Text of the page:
Council votes to cut size of town police force
The town of Pawleys Island will cut its police force by one officer and reduce coverage to 12 hours a day in order to help build up its reserves for future capital projects. The move will save $50,000 to $60,000 a year, according to Administrator Ryan Fabbri.
The decision by Town Council, made as part of the town’s annual budget process, is the second reduction to the police department in three years. The council reduced the department from five people to four in 2019 and used the savings to increase pay for the remaining officers. That marked the end of 24-hour coverage.
The town now has coverage 20 hours a day. It relies on the Georgetown County Sheriff’s Office to answer calls during the other four hours.
Council members said they would like to see more service from the sheriff’s office.
“We are indeed paying taxes for county services,” Council Member Rocky Holliday said. “We don’t really count on them very often.”
Pawleys Island doesn’t have a municipal property tax. It expects to receive over half of its $1.9 million in revenue in the coming year from state and local taxes on short-term rentals.
The police department accounts for over a third of the town’s $1.5 million in expenditures.
The town’s general fund has a balance of $917,000, but Fabbri has projected that the town will start tapping into that reserve in the next few years to fund operations. At the same time, the town is trying to rebuild its beach fund to pay a share of a renourishment project that is expected within the next 10 years. It also wants to make improvements to drainage on the island and dredge areas of Pawleys Creek that are filling with sand.
Council Member Guerry Green has questioned the size of the police force in the past. He said that doesn’t mean defunding. “That’s a buzz word,” he said. “Maintain a good police force but a reduced force.”
Bill Caughman, a north end resident who was the only speaker during the council’s budget hearing, said “I have real concerns about this defund the police.”
Growth on the mainland will continue to put pressure on Pawleys Island for beach and creek access, and that will impact property owners on the ends of the island where public access is available.
Caughman also pointed out that the sheriff’s office won’t enforce the town’s ordinances, like those for illegal parking.
“If Georgetown County can’t enforce the laws of Pawleys Island, what good are they going to do?” he asked.
When the town was formed in 1985, the sheriff’s office provided a deputy who enforced the local ordinances under contract. The town created its own police department in 1993 with a chief, one officer and part-time officer. By 2011, the town had a chief and four officers.
Chief Mike Fanning said the force grew with the calls for service. The increase in calls came from a growing population in the area and from the ability of people to call police by cellphone.
At the same time, Fanning said, the number of burglaries and break-ins – including vehicles – decreased. That was due to the patrol schedule, he added.
The town also installed cameras on the two causeways onto the island that read license plates. That helped flag drivers with violations and helped locate suspects in incidents on the island. The town later added video cameras at a popular beach accesses. He said the department could use more.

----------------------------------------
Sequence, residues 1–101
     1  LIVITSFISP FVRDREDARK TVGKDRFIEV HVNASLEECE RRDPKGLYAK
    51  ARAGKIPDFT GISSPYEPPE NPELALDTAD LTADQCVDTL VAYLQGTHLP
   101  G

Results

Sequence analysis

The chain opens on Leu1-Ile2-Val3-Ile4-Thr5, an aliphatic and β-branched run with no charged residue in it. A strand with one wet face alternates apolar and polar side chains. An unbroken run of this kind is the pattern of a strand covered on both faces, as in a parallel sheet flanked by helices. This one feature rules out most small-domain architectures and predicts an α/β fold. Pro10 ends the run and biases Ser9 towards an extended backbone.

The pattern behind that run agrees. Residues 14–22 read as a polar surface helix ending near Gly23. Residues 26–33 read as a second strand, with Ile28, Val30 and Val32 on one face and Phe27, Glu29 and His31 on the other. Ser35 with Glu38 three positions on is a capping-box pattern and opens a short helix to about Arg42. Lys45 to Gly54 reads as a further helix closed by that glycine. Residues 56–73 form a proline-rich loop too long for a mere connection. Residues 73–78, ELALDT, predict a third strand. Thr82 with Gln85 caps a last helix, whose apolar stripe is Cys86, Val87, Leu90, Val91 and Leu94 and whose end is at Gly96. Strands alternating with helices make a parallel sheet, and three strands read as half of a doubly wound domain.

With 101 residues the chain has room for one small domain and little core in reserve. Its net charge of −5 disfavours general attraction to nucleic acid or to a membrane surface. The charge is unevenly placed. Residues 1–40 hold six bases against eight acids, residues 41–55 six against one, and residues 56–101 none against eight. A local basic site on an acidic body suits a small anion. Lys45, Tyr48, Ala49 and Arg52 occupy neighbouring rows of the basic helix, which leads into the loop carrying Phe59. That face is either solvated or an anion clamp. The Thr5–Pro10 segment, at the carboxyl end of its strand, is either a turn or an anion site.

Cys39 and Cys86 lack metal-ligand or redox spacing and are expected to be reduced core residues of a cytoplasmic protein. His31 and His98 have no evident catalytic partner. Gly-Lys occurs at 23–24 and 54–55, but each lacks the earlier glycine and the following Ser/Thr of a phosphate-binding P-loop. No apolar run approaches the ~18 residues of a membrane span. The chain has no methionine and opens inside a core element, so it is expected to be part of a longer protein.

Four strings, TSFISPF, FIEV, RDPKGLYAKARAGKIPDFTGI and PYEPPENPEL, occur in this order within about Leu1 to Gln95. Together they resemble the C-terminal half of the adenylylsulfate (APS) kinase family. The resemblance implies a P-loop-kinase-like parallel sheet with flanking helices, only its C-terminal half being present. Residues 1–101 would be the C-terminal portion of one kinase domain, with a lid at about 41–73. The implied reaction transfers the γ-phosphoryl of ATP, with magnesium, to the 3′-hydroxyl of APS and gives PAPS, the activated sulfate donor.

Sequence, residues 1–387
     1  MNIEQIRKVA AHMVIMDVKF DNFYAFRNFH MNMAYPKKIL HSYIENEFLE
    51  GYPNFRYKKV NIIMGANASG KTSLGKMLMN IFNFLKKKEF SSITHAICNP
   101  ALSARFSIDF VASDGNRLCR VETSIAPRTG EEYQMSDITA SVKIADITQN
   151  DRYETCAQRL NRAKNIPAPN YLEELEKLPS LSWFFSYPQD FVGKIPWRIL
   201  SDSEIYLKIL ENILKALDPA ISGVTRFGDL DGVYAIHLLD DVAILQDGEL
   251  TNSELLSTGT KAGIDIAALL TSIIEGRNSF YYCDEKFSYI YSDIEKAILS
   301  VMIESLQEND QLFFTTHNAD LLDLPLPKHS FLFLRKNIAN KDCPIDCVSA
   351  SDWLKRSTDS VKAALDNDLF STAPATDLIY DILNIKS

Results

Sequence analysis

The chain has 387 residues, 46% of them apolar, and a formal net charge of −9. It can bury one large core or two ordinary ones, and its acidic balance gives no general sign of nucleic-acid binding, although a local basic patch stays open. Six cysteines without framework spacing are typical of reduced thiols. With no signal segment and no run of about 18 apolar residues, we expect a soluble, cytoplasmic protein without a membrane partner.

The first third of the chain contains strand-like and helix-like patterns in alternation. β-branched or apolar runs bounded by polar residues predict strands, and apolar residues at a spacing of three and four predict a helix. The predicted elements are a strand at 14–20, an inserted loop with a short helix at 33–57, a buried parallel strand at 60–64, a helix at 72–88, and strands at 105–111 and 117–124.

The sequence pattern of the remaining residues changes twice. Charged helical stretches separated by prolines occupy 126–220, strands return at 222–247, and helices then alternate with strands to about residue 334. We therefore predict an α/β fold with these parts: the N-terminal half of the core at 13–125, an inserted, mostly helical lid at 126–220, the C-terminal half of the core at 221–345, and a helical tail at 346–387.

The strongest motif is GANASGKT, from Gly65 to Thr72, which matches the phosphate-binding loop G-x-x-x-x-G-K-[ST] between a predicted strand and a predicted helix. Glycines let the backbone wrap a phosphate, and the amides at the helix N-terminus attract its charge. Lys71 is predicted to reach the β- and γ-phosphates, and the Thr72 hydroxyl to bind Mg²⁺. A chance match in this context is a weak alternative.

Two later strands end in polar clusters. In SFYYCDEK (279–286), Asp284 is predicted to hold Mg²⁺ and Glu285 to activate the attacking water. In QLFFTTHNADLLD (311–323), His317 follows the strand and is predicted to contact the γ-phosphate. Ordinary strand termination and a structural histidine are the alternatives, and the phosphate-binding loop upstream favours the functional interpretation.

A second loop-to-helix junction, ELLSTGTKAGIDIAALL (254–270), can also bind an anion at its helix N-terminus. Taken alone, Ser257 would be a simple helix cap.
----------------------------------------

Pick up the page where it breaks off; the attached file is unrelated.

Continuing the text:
But Fanning told the council that the technology isn’t a substitute for staff because someone has to review the video and respond to the calls.
“I think our No. 1 goal is to keep everyone safe,” Mayor Brian Henry said. “No one’s talking about defunding the police.”
Since the town relies on tourism taxes for revenue, a reputation as an unsafe destination would impact finances, he added.
Henry said the Litchfield Beaches are in the same situation, and they rely on coverage from the sheriff’s office. “There’s no reason to expect that we would have any less protection here,” he said.
Henry is concerned that the town will start dipping into its operating reserves. “We need some type of rainy-day fund,” he said.
Although the town has talked about – and generally ruled out – several proposals for raising revenue, Henry said the council needs to make that a priority in the coming year.
“It’s not like we can sit back and hope this problem goes away,” Holliday said. “We’ve got to find a way to balance these things.”
“Right-sizing” the police department, will help stabilize the operating reserve, he said.
Council Member Sarah Zimmerman cast the only vote against the cut.
“People who live on the island have come to expect the level of service we receive from the police department,” she said.
She agreed that technology has helped reduce crime, but also pointed out that there were objections to the tag readers because people thought it would be an invasion of their privacy.
Zimmerman also noted that there are more full-time residents in the Litchfield Beaches, so fewer vacant beach houses to burglarize.
“They have a dedicated beach patrol that comes out during the summer,” Fanning said. “I don’t think they’re going to send their beach patrol down to patrol our beach.”
Green said Fanning should ask the county to do that.
“We’re not talking about reducing our coverage during the summer,” Henry said.
Fanning told him that with a staff of three “you’ll definitely see a reduction.” He has a roster of part-time officers to cover for vacations, illnesses and training days, but they have other jobs as well.
The department will continue at its current level until Sgt. Traci Milligan retires in March. The town will also cut the purchase of a new police vehicle from the 2022 budget, since the three-member department will only need two vehicles.